Running Clean

Monday, April 29th, 2013. I’ll never forget that morning. I woke up hungover from the weekend’s drinking that always seemed to extend itself through Sunday night. I was defeated, broken, out of shape, and needed a change.

I wouldn’t find sobriety for another two years, but this day was the start of my path to positive change. I wasn’t ready to admit yet that I struggled with alcohol addiction, but I was ready to start taking better care of myself. I decided that morning to start eating better with the help of Weight Watchers and get in a more regular exercise routine. I chose the only exercise I really knew: running.

I immediately fell in love with running and, combined with a more health conscious diet, my drinking reduced to just a couple of times a week. I didn’t have enough “points” to drink the way I wanted. That, unfortunately, would change once I hit my goal weight which amounted to over 50 pounds of weight lost.

As the drinking increased, so did the running. I think I used it to sort of “justify” my habit. The two couldn’t harmonize forever and after a few short stints of sobriety, I finally was able to put down drinking on March 2nd, 2015. Now nothing could hold me back from running…or so I thought.

I ran so much that I started racking up marathons in different states and set a goal to run a marathon in every state. Everything was going great, but eventually all of the “pounding” caught up with me and I suffered a severe iliotibial band injury. When I went to physical therapy, the therapist told me I had the tightest IT band he had ever seen. I was completely sidelined and couldn’t even run a mile. I felt fine on an exercise bike, in the pool and even doing light strength training, but running was out. I was devastated.

Eventually, after months of therapy, I was able to get back to running, but it was never quite right. I had to completely cancel a race in Austin, Texas and the next couple of marathons after that were a real struggle. My times were high and the pain I felt in the last six to eight miles of each race was excruciating. I thought many times that I was running my last marathon.

After running through pain and enduring the best I could, one day my friend Elissa suggested I try this thing called Bikram Yoga. I’ll be honest, I knew nothing about yoga let alone this Bikram Yoga of which she spoke so highly. My vision of yoga was a group of people sitting around, stretching their pinky toes and lying on their backs for most of the class (ha ha). I had no clue just how amazing it actually is.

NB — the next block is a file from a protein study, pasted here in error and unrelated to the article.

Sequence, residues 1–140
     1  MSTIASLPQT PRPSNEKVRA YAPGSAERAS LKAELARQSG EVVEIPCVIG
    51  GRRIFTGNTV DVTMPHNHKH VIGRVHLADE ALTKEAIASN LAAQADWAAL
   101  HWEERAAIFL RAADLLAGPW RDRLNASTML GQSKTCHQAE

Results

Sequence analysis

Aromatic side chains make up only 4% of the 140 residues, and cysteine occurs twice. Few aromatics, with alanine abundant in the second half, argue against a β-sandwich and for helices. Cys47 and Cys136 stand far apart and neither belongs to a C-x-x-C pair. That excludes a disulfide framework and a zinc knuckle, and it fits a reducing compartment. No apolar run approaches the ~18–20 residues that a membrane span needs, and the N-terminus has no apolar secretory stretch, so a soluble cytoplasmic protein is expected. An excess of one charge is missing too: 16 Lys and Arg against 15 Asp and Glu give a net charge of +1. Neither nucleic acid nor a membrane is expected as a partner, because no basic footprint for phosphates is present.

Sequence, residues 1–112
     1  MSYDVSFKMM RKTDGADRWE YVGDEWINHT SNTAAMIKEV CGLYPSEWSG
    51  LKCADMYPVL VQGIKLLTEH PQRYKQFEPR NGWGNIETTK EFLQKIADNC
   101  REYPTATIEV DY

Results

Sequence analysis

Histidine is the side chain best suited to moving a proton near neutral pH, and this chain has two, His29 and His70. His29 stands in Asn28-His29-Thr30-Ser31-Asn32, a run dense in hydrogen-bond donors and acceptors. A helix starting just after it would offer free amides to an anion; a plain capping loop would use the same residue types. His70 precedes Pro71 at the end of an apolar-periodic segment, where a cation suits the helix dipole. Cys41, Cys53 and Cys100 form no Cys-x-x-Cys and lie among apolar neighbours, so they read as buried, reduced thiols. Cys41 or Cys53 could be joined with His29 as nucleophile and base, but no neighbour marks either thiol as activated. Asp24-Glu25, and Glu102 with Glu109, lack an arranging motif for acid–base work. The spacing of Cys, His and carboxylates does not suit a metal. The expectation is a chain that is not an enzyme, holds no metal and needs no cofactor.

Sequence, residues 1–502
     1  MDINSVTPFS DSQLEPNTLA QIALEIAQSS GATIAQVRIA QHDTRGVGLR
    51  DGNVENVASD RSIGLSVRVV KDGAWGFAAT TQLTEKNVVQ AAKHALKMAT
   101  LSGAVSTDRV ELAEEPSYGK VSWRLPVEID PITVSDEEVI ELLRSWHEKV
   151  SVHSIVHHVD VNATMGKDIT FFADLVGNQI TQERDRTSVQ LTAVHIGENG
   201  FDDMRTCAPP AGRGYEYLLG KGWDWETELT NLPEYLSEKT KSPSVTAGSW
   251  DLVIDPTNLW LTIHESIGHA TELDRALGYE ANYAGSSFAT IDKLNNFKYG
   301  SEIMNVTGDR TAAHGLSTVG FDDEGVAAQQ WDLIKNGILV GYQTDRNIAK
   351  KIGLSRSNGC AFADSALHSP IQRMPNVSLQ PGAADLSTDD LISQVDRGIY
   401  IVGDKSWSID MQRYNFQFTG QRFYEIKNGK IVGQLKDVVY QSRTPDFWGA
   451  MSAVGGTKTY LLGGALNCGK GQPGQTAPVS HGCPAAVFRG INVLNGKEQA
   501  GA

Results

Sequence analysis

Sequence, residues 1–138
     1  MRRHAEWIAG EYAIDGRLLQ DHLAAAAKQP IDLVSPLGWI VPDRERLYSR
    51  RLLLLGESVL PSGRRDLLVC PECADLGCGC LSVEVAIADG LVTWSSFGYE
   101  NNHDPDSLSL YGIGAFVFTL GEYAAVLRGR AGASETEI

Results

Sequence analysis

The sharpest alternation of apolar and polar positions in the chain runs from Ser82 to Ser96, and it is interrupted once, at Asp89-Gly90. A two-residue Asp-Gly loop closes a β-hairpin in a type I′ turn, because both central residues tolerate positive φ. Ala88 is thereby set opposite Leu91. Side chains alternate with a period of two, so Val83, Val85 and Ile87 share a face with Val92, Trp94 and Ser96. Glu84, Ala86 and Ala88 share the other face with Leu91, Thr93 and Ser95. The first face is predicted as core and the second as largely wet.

As it turned out, Bikram Yoga is one of the most challenging workouts I’ve ever done both mentally and physically. It was exactly what I needed.

I started out doing Bikram once a week as a stretch day. I felt absolutely amazing after every class. My body was healing, my mind was clear and I felt…longer. That’s the only way I can describe it!

One class a week soon turned into two and before I knew it, I was hooked. I now go to three to five classes each week. My body feels younger, cleansed, refreshed.

I just completed my eleventh marathon in eleven states two weeks ago. Not only did I complete it, but I broke my personal record by over two full minutes. That IT band injury? I don’t even notice it.

That Austin marathon I had to back out of? I ran it in February. It was #10. I even found a Bikram studio in Texas. And sobriety?

As I write this I am 811 days sober. I am so grateful for the life I have today.

Each and every day is a gift, and if I get to go to Bikram it’s even sweeter.

Before yoga, recovery from a marathon was a one to two week process. Now, I just go to class the next day and I’m pain free. It’s that simple.

Finally, I can’t say enough about Bikram Yoga Portsmouth. I absolutely love each and every teacher there. They all have an amazing gift for making me feel confident as I grow as a yoga student, yet making sure I continue to be challenged, pushing me just a little further at just the right time.

Each teacher is unique in their own way. I truly, honestly, don’t have a favorite. They all get a perfect ten in my book. Thank you Bikram Yoga Portsmouth for not only restoring me on this quest to run 50 marathons, but for giving me just one more reason to stay sober each and every day. For that, I am forever grateful.

PJ Donahue is a musician and drum teacher who lives in Seacoast New Hampshire with his wife and daughter, Molly. You can hear more of his sound here: sometimes there are moments that can inspire an entirely new artistic direction. That is the story of River Sister.

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Comfortable in My Skin

When I took my first Bikram Yoga Class, I was 22 years old. I was a landscaper by day and a heavy drinker by night. I paired my Budweisers each day with at least a dozen American Spirits, if not two. My job was hard on my body and my best friend and I relaxed at the end of the day with some well-deserved brews.

After my first class, I felt amazing. The class itself was hard and uncomfortable, but after I felt light and happy. At the time, I didn’t know anything about the “yoga high” or what was happening in my body.